Reacting to the hidden sunset, mountains and clouds take turns glowing pink and shadowing indigo on the other side of Lake McDonald, which reflects the color and smudges it sideways. I can no longer resist the urge to bring my easel out to the porch to try to capture the last minutes of light.

The July sun sets late this far north in Montana, after ten there is still light in the west. The mountains have absorbed an afternoon of the sun's energy into their deep rock, and they relinquish it only slowly. The late clouds pass over and darken, then redden again, and long after the sun disappears the peaks remember, and burn like embers, then slowly fade in the cool blue mist.

The stars come out, but not the moon, yet. Bats swing over my head and when John comes out and we talk for a long time, until we see the Milky Way, and then our first view of the Northern Lights, green veils falling softly over the black silhouettes of the mountains. Then, from behind their ridges, another glow, the moon is rising.

• • •

The house I am given to live in as artist in residence inspires abstraction of space and views. Slipped between the cedars in 1962, its geometric lines fit perfectly with the cedars straight silvery trunks, which grow so close that the edges of the porch is cut in places to accommodate them. The impression is like that of a Mondrian painting, if he had picked up Braque's pallet by mistake.

Everywhere in this house leads everywhere else. From the hillside drive you step down to a porch which wraps around the lakeside of the house and ends in cedar-stump steps down to a door, which opens to inside another door, out to the porch, down a level to a cellar door which leads upstairs to huge windows which look out to Synder ridge, and the lake.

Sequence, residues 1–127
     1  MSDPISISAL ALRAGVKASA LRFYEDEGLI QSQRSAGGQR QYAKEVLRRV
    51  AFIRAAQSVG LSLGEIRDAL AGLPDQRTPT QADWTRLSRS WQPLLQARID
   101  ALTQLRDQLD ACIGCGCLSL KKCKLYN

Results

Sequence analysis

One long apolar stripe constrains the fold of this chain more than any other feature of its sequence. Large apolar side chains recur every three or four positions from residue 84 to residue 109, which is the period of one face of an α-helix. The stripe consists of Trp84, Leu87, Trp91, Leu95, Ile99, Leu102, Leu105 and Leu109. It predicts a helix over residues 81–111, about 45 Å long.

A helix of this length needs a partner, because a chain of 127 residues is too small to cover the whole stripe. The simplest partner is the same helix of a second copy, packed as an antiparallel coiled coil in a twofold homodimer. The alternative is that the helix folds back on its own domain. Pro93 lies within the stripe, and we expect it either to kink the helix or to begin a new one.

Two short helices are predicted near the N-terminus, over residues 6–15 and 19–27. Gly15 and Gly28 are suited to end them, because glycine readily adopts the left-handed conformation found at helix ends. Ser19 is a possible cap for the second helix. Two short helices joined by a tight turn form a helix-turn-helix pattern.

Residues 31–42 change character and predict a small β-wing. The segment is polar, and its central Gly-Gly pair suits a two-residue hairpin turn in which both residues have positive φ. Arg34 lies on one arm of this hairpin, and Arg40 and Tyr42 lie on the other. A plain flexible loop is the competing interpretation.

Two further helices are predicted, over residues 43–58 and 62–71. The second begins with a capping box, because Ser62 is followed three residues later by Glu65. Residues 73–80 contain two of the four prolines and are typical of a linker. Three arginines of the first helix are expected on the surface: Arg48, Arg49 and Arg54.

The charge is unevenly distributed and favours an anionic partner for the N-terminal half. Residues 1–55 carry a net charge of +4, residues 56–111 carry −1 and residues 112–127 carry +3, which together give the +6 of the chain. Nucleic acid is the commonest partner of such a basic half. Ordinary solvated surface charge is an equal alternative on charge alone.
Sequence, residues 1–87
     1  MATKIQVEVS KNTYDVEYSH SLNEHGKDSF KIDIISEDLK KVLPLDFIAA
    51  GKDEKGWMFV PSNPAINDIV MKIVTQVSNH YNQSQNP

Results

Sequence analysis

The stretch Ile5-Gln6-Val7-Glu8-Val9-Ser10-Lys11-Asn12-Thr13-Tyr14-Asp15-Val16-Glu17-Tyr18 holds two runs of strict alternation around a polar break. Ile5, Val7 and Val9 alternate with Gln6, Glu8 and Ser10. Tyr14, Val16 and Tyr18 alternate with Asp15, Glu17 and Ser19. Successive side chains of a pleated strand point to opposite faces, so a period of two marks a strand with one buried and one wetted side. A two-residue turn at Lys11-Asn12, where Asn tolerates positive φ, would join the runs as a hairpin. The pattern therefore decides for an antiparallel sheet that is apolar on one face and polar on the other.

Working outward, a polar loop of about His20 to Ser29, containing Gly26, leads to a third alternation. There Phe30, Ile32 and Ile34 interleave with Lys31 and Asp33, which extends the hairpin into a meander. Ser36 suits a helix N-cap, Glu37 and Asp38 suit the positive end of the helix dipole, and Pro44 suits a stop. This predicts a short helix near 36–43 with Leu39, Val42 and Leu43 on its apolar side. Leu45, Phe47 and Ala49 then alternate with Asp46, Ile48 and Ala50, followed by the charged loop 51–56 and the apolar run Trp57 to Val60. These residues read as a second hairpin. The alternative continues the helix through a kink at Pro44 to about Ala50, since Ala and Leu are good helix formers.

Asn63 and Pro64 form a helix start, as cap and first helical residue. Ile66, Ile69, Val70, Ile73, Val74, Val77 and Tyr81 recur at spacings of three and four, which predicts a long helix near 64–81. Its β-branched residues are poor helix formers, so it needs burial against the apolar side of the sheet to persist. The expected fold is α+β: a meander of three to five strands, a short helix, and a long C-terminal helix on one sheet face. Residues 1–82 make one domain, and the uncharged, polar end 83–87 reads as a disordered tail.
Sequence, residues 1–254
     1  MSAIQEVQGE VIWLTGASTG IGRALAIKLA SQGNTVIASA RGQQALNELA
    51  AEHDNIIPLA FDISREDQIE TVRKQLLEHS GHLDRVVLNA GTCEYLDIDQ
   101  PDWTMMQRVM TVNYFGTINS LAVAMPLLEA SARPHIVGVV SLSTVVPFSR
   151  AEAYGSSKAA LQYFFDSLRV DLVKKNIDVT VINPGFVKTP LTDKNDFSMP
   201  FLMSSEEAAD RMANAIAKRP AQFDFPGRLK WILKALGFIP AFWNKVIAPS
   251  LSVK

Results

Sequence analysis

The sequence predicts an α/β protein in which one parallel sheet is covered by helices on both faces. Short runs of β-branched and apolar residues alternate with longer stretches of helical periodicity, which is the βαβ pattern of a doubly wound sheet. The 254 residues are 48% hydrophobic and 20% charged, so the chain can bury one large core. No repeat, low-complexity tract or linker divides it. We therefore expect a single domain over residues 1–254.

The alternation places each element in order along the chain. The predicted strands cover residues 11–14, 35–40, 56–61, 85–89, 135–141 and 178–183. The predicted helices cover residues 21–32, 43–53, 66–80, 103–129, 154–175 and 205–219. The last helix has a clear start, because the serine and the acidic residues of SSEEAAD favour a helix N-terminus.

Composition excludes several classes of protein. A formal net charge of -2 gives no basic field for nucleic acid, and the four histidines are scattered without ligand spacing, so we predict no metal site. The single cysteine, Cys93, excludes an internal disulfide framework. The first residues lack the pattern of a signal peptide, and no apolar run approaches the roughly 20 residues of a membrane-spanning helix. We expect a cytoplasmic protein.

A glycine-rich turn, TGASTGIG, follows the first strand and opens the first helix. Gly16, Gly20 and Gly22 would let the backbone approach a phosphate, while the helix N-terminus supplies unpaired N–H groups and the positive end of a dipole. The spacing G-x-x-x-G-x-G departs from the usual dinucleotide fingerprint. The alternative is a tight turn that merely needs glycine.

The porch outside the windows overlooks the lake so closely that, when sitting on it, there is no pebbly beach visible between its weathered floor and the turquoise, and cerulean surface of the water which stretches to the opposite shore.

Fifteen feet above the Highline Trail I spread my watercolors on a flat rock which overhangs a tiny trickling waterfall. Few people on the trail below notice me, most look in the other direction, where a sharp drop swoops into a tree covered glacial valley and rises upbruptly in the rough granite of the Livingston Range.

It seems the perfect spot to paint, perfect, that is, until a bee hovers a foot from my face, just looking. I can ignore a bee—or two. But before long a dozen orbit me. Then the humming suddenly stops. They have landed. On me. And my painting could still use work, but the little vibrating threats are too distracting, so I pack up hastily, shaking bees from my pack and scrambling back down the rocky ledge.

The narrow trail back to the Logan Pass hugs a cliff called the garden wall. Its blocky ancient rock contains fossil impressions of the cracked-mud gasps of long extinct seas on the rocks flat tops, and organic patterns of sea life in cross sections. I stop as if walking through a gallery--each section of the wall is like the best of abstract paintings. Paintings with enough substance that they shed layers which collect like broken pottery at their base.

As I am about to climb the last steep rise to the road, my path is block by a shaggy mountain goat who looks at me sideways from her square wise head--a curious babe prances around her. I'm grateful to get a close look at them, but nervous of the ewes horns, which up close look extremely sharp. She know who this trail belongs to, and it's not to me.